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Personal Projects: Why They Are so Important

As artists and illustrators you’ve probably heard it before –  working on your own projects outside of client work is really important for your development.

Let’s face it, working in the field of illustration can be difficult and discouraging at times. Finding client work, submitting to publishers, trying to find an agent – it’s a constant grind for most of us, so it’s important to set aside time to work on personal projects. This can be anything – a single illustration, a series of illustrations on a theme, a comic, a picture book, the possibilities are endless. A personal project will be something that excites or inspires you – something you are passionate about. Working on a project that means something to you will give you the fulfillment and satisfaction you can’t get from client work alone. And this is vital over the long term in maintaining your creative energy levels and personal artistic happiness that will spread out into all other areas of your work and life.

I think the importance of personal projects can be summed up into three main points:

Skill Building

Personal projects are a great way to build your skills and discover new techniques. When working on something for yourself you’ll push yourself harder, and often find you produce your best work. Creating something that has personal meaning almost always gives you better results than something you create for a client.

Gain Confidence

Building skills with personal projects will also help grow your confidence. It’s a good idea to start out with smaller projects at first, so you can see them through to completion. Completing your projects is key, because that gives you the confidence that you can see them through, and will give you a sense of accomplishment. This will in turn motivate you to start another project – perhaps bigger or more ambitious that the last.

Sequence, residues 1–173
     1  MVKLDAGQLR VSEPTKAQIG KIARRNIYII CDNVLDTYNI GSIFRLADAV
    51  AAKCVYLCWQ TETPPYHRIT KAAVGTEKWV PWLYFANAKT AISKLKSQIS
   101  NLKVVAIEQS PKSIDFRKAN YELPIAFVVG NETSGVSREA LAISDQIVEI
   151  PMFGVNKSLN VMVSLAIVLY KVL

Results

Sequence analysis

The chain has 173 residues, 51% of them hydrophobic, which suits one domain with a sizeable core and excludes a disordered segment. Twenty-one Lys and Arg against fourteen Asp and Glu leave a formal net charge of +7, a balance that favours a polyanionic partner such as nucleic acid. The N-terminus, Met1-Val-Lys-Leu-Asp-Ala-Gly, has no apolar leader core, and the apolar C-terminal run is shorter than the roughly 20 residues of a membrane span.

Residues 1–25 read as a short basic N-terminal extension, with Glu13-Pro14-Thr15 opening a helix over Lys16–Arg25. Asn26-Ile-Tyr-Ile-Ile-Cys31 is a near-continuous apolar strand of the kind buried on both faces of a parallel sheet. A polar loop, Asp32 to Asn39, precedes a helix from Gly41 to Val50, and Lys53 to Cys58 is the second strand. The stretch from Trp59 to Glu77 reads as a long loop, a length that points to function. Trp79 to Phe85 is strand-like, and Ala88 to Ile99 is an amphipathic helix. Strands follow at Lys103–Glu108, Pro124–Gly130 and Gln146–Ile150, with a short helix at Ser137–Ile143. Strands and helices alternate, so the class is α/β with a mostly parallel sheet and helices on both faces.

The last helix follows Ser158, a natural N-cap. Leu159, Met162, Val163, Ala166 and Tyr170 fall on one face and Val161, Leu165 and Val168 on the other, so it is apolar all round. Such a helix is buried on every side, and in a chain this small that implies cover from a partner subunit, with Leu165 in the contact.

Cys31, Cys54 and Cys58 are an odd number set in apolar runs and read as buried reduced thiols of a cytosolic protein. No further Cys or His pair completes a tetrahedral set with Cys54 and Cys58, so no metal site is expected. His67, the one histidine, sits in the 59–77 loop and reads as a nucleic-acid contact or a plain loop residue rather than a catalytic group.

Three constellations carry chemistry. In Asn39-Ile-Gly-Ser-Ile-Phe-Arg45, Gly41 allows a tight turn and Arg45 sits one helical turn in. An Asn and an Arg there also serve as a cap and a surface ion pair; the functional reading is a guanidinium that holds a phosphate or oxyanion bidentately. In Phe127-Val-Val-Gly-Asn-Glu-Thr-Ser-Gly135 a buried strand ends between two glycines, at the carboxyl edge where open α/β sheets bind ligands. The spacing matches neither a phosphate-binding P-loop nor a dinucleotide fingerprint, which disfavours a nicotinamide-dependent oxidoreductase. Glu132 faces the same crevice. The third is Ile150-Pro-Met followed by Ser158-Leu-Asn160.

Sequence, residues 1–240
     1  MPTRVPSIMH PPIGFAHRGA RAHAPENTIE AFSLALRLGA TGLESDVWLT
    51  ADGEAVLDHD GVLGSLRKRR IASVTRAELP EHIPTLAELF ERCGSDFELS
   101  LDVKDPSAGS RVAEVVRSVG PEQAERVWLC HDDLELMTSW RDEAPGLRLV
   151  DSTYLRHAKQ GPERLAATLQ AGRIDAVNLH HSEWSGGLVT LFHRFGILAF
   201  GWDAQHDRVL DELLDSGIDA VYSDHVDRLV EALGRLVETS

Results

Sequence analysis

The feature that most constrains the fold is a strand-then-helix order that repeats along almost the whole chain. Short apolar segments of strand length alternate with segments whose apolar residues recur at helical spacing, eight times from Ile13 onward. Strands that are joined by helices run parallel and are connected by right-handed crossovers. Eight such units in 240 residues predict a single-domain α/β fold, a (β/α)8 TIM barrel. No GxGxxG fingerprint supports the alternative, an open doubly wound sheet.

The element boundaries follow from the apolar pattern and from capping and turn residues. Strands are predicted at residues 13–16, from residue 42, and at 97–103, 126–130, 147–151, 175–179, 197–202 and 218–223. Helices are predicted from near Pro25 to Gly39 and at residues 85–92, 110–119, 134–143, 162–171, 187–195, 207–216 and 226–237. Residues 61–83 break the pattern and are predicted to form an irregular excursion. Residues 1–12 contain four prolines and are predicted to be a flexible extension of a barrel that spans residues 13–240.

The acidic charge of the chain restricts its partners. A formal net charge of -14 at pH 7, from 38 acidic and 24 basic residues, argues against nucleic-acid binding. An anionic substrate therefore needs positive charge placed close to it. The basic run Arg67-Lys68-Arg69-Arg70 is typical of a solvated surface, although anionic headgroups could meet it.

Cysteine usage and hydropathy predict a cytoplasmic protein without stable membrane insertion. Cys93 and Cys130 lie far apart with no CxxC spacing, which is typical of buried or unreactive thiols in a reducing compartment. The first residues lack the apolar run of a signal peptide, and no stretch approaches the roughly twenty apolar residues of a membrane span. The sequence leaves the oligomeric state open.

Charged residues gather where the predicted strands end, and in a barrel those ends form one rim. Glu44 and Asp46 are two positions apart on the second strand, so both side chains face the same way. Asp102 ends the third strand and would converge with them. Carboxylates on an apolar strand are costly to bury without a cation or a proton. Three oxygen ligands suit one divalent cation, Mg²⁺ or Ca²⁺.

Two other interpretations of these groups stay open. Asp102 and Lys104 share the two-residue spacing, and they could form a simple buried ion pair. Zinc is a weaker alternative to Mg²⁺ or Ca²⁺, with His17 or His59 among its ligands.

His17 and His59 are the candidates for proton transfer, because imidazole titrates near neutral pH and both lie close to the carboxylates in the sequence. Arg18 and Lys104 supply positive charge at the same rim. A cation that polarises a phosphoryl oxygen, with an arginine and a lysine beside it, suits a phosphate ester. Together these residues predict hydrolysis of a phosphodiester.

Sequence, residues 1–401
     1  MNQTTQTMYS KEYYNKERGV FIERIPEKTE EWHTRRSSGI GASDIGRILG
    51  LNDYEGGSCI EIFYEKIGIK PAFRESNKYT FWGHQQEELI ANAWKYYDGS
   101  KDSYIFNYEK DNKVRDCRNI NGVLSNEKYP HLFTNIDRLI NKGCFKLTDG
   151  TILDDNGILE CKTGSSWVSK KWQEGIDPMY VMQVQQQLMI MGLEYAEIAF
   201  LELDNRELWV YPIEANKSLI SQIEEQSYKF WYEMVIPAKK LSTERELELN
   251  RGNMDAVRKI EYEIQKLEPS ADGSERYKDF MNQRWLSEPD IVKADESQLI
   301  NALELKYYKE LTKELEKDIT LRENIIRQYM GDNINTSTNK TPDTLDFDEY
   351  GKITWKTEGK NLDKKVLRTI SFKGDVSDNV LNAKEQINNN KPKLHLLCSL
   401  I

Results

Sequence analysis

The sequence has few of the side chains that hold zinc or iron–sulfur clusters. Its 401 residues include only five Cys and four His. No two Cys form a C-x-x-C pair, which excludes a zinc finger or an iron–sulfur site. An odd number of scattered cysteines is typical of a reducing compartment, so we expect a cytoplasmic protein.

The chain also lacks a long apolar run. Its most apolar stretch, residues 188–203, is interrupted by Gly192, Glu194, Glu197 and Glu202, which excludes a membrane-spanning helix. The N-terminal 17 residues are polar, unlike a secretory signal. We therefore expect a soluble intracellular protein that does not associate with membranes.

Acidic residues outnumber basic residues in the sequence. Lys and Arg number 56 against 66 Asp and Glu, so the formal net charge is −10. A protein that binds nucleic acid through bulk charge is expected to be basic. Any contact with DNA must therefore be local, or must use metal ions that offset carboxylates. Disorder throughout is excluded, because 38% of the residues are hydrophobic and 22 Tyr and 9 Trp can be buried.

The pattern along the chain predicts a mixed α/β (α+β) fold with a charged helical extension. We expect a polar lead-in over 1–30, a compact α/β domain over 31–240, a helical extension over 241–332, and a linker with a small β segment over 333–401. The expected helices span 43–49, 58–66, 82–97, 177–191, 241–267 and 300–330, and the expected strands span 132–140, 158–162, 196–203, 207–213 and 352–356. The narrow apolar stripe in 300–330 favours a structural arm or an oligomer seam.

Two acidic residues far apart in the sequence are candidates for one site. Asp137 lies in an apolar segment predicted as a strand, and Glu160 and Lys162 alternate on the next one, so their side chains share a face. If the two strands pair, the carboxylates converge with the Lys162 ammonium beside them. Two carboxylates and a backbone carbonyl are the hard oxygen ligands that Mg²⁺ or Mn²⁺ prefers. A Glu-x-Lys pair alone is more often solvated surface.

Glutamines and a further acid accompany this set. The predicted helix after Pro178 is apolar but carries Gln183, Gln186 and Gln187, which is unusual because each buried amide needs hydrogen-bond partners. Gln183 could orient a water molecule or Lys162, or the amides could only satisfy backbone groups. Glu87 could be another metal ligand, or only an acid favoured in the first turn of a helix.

Personal Fulfillment

Have a picture book or comic idea that you are excited about? Instead of submitting it to agents or publishers and playing the waiting game, you may want to consider working on it for yourself. There are many options for self publishing these days, even if you just decide to simply publish your project on the internet. There is a great sense of accomplishment and satisfaction in seeing your project complete, and you may even find you can build yourself an audience along the way. I myself have published quite a few projects this way, and I have found it very fulfilling and motivating.

A Final Word

With the openness of the internet and social media right now, there are minimal barriers to getting your work out there. Of course the challenge is in getting your work noticed, but that’s part of the fun in building an audience. There’s never been a better time to be an independent creator. There are so many creative ways to get your work in front of people, and many artists are already doing just that – side stepping the traditional publishing routes and building audiences for themselves. I think we will see this trend continue to grow in the future.

About the author

  • Chris JonesCHRIS JONESContributor

    Chris Jones is a Canadian based children's illustrator. He has always been interested in telling stories visually, and his colorful style focuses on humor and expressiveness. A graduate of the Ontario College of Art & Design (OCAD), he has illustrated for several magazines and educational publishers. Chris is inspired by good music, good books, long walks, and generous amounts of coffee. Chris is a member of the Society of Children's Book Writers and Illustrators.